Are we getting our password advice wrong? ...

There is a popular idea that passwords are words; single words, words we can remember. Convention is that they must not be too easy. No associations with the family cat, mother in law or a love long lost. Once we have the word that we can remember, we are encouraged to mess around with it. Website password strength checkers ensure that we add Capitals, num8ers and punctuati_n. For many mortals, like you and I it can be a mega mare.

If you have one preferred word - and we know that you do. You will try out different combinations to make it work.

Your favourite password, like taramasalata can be adapted to:
... and many other combinations exist - but tell me and think for yourself, is this easy to remember?

We are all, after all creatures of habit. Furthermore we know that many souls will pick a word then simply add digits. This is an easy workaround to the demand from corporate systems security experts that we must frequently change our passwords.

Now taramasalata can become:


You meet the length and strength criteria - the software looks at simple patterns and repetition. As you can see, it is not difficult to fool the programming and create a password sequence that is easy to remember.

Now this is when is sucks - in an ideal world you should use a different password for each system. Yet most people do not. I try to rank my passwords based on my view of how important a service is - which is always from a personal perspective. But, I am sure you may think that I rank my banking above my Facebook account or my email.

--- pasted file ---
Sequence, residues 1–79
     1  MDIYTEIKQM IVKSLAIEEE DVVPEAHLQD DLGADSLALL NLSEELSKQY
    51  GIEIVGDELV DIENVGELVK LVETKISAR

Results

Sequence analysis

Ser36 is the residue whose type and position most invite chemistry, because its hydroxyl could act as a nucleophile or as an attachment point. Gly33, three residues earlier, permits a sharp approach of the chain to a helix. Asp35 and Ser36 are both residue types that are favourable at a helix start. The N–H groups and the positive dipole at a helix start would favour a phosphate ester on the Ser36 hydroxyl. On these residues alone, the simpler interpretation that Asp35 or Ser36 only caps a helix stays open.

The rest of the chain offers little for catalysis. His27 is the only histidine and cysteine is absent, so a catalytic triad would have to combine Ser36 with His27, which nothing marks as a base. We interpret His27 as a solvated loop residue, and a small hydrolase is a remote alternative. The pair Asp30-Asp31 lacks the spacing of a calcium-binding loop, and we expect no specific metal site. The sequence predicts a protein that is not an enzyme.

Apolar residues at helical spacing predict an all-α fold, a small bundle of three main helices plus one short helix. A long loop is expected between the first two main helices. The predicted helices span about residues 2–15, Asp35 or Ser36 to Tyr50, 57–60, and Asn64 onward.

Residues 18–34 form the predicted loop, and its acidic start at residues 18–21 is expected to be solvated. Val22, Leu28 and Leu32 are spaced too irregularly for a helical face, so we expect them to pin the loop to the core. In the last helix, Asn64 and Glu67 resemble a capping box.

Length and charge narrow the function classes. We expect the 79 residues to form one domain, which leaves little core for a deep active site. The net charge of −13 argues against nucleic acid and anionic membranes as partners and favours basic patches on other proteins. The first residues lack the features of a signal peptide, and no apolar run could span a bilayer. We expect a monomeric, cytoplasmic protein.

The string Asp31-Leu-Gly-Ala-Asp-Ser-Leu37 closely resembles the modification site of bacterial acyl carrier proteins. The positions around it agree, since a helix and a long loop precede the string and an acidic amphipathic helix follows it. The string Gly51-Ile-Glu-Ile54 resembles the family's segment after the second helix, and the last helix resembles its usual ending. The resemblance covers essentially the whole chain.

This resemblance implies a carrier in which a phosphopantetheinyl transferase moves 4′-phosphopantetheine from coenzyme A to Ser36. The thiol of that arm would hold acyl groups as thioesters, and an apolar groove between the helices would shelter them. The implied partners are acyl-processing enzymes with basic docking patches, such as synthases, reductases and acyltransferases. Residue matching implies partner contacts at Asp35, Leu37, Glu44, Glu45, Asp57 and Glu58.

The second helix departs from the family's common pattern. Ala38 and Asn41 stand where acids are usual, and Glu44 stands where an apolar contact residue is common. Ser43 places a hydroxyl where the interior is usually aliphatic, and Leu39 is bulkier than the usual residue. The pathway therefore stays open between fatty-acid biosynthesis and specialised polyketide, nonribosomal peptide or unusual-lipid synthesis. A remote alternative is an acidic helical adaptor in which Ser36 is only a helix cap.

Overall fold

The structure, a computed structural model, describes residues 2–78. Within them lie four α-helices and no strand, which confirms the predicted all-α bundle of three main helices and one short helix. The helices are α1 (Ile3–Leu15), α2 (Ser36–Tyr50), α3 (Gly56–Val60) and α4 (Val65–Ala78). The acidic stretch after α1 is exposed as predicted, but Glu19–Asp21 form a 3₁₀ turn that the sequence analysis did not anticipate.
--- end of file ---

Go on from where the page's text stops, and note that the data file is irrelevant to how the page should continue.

Most current hack attacks are using information gleaned from one insecure service as an attack on another. Many online services use your email as a login as a reference point. Many of us use the same email account and also password on multiple services. Once I have accessed one - it does not take considerable effort to try others.

Everyone is so excited about making the world difficult to crack via a dictionary attack (yes, a dictionary attack is using a long word list). Yet we neglect to consider that the most common attacks are brute force based deciphering the resulting encrypted code stolen from a vulnerable password database on another site. So when combined with user laziness as many of us use the same password on multiple sites - hackers are at an advantage.

So - why not encourage passphrases not passwords. Passphrases can be long enough to be complex, yet short enough to be easy to remember. Randall Munroe of XKCD fame has represented this in a very straightforward manner.

Source under a
Creative Commons Attribution-NonCommercial 2.5 License.
So - what should you do? Or more importantly what should we as security professionals and alleged experts be doing to encourage you to create a password?

Instead of a complex single word that you always cheat on - and stick numbers at the end. Should we instead be asking you to give out a single phrase per site? The chances are it will be longer - it will have complexity - dictionary attacks are useless and if you are able to think - it will be considerably easier to remember.

What do you think?


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